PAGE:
and his late father. He was interred in a huge sarcophagus with a lid carved from the remains of a group-
statue of the Ramesside Period. He shared the burial chamber with his young son, Harnakhte, who's tenor as
High Priest of Amun at Tanis was apparently short-lived.
Unfortunately, his tomb was robbed during antiquity, leaving only a few debris of the hawk-headed coffin
and canopic jars behind. He was succeeded by Shoshenq III, who was presumably his son, though no certain
Usermaatre Setepenamun Osorkon II was a pharaoh of the Twenty-second Dynasty of Ancient Egypt and the son
of Takelot I and Queen Kapes. He ruled Egypt around 872 BC to 837 BC from Tanis, the capital of this
Dynasty. After succeeding his father, he was faced with the competing rule of his cousin, king Harsiese A,
who controlled both Thebes and the Western Oasis of Egypt. Osorkon feared the serious challenge posed by
Harsiese's kingship to his authority but, when Harsiese conveniently died in 860 BC, Osorkon II ensured that
this problem would not recur by appointing his own son Nimlot C as the next High Priest of Amun at Thebes.
This consolidated the pharaoh's authority over Upper Egypt and meant that Osorkon II ruled over a united
Egypt. Osorkon II's reign would be a time of large scale monumental building and prosperity for Egypt
According to a recent paper by Karl Jansen-Winkeln, king Harsiese A, and his son [..du] were only ordinary
Priests of Amun, rather than High Priests of Amun, as was previously assumed. The inscription on the Koptos
lid for [..du], Harsiese A's son, never once gives him the title of High Priest. demonstrates that the
High Priest Harsiese who served is attested in statue CGC 42225 – which mentions this High Priest and is
dated explicitly under Osorkon II – was, in fact, Harsiese B. The High Priest Harsiese B served Osorkon II
in his final 3 years. This statue was dedicated by the Letter Writer to Pharaoh Hor IX, who was one of the
most powerful men in his time. However, Hor IX almost certainly lived during the end of Osorkon II's
reign since he features on Temple J in Karnak which was built late in this Pharaoh's reign, along with the
serving High Priest Takelot F(the son of the High Priest Nimlot C and therefore, Osorkon II's grandson). Hor
IX later served under both Shoshenq III, Pedubast I and Shoshenq VI. This means that the High Priest
Harsiese mentioned on statue CGC 42225 must be the second Harsiese: Harsiese B.
Foreign policy and monumental program -
Despite his astuteness in dealings with matters at home, Osorkon II was forced to be more aggressive on the
international scene. The growing power of Assyria meant the latter's increased meddling in the affairs of
Israel and Syria – territories well within Egypt's sphere of influence. In 853 BC, Osorkon's forces, in a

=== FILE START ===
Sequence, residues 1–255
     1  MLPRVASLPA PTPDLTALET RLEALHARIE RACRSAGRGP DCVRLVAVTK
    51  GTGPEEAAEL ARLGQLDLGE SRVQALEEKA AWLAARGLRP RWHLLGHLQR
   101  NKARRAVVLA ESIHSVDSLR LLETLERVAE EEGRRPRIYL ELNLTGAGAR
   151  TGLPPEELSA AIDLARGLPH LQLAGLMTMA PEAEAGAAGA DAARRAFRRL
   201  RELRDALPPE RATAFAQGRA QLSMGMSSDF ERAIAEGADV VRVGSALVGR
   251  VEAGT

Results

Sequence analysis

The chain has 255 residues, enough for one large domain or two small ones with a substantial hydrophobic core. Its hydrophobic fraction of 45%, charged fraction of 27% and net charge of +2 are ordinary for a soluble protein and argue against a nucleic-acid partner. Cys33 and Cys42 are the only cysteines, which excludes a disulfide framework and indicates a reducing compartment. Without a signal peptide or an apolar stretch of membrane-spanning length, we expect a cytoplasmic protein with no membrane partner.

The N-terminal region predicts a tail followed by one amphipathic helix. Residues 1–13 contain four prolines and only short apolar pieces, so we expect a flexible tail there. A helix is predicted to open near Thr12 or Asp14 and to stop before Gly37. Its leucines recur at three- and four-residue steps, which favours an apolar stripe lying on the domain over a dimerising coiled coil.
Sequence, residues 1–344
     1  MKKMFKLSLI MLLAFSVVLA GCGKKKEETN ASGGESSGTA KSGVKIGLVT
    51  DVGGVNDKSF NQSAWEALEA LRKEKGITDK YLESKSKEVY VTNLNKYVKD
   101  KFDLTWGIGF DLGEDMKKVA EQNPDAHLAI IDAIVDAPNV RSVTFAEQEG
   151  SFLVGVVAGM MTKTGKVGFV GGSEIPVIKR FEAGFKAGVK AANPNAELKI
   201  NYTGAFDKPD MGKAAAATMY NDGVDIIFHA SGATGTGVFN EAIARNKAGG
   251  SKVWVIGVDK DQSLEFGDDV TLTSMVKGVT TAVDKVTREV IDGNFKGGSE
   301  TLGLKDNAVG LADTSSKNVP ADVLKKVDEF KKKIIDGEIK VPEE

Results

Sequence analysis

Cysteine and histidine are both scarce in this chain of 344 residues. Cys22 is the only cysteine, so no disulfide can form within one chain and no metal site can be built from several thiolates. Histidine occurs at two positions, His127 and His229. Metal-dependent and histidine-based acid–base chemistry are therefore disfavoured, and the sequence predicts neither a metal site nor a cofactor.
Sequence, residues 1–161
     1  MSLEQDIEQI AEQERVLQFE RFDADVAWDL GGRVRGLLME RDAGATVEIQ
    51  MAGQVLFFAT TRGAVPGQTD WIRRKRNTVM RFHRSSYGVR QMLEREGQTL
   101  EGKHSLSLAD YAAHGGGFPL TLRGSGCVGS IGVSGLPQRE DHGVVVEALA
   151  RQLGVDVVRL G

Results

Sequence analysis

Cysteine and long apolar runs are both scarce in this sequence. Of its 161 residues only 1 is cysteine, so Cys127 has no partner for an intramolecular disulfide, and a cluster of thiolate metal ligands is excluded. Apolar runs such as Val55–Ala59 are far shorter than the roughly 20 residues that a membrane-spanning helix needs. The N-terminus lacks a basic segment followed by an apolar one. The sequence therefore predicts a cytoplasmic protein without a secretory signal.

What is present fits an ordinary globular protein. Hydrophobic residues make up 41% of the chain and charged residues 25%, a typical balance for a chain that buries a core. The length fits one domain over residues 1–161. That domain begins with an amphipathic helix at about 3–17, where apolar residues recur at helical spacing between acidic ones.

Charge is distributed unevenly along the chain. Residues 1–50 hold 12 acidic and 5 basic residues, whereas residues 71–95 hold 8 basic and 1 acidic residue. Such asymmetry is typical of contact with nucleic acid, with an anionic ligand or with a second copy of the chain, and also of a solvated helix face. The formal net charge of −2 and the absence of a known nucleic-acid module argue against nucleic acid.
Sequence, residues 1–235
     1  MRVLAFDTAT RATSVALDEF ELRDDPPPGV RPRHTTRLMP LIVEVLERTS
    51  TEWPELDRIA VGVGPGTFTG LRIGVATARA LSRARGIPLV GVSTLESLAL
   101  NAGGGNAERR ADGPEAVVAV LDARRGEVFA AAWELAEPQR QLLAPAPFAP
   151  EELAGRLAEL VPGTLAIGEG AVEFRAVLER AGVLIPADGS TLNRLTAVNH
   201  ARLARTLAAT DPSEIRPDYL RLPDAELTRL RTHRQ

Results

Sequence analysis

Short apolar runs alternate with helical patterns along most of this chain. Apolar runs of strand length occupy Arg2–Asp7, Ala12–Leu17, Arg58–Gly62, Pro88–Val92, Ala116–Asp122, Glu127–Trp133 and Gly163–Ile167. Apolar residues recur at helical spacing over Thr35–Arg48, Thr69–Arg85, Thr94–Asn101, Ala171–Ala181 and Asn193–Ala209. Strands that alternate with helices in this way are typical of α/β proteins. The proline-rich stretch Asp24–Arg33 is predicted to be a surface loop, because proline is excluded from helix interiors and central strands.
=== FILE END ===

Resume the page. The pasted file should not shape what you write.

coalition with those of Israel and Byblos, fought the army of Shalmaneser III at the Battle of Qarqar to a
standstill thereby halting Assyrian expansion in Canaan, for a brief while.
Osorkon II devoted considerable resources into his building projects by adding to the temple of Bastet at
Bubastis which featured a substantial new hall decorated with scenes depicting his Sed festival and images
of his Queen Karomama. Mutemhat was another of his wives. Monumental construction was also performed at
Thebes, Memphis, Tanis and Leontopolis. Osorkon II also built Temple J at Karnak during the final years of
his reign, which was decorated by his then serving High Priest Takelot F(the future Takelot II). Takelot F
was the son of the deceased High Priest Nimlot C and, thus, Osorkon II's grandson. Osorkon II was the last
great Twenty-second Dynasty king of Tanis who ruled Egypt from the Delta to Upper Egypt because his
successor, Shoshenq III lost effectively control of Middle and Upper Egypt in his 8th Year with the
emergence of king Pedubast I at Thebes.
Many officials are datable under Osorkon II. Ankhkherednefer was inspector of the palace;
Djeddjehutyiuefankh was fourth prophet of Amun; Bakenkhons was another prophet of Amun under that
Reign length -
Osorkon II died around 837 BC and is buried in Tomb NRT I at Tanis. He is now believed to have reigned for
more than 30 years, rather than just 25 years. The celebrations of his first Sed Jubilee was traditionally
thought to have occurred in his 22nd Year but the Heb Sed date in his Great Temple of Bubastis is damaged
and can be also be read as Year 30, as Edward Wente notes. The fact that this king's own grandson,
Takelot F, served him as High Priest of Amun at Thebes–as the inscribed Walls of Temple J prove – supports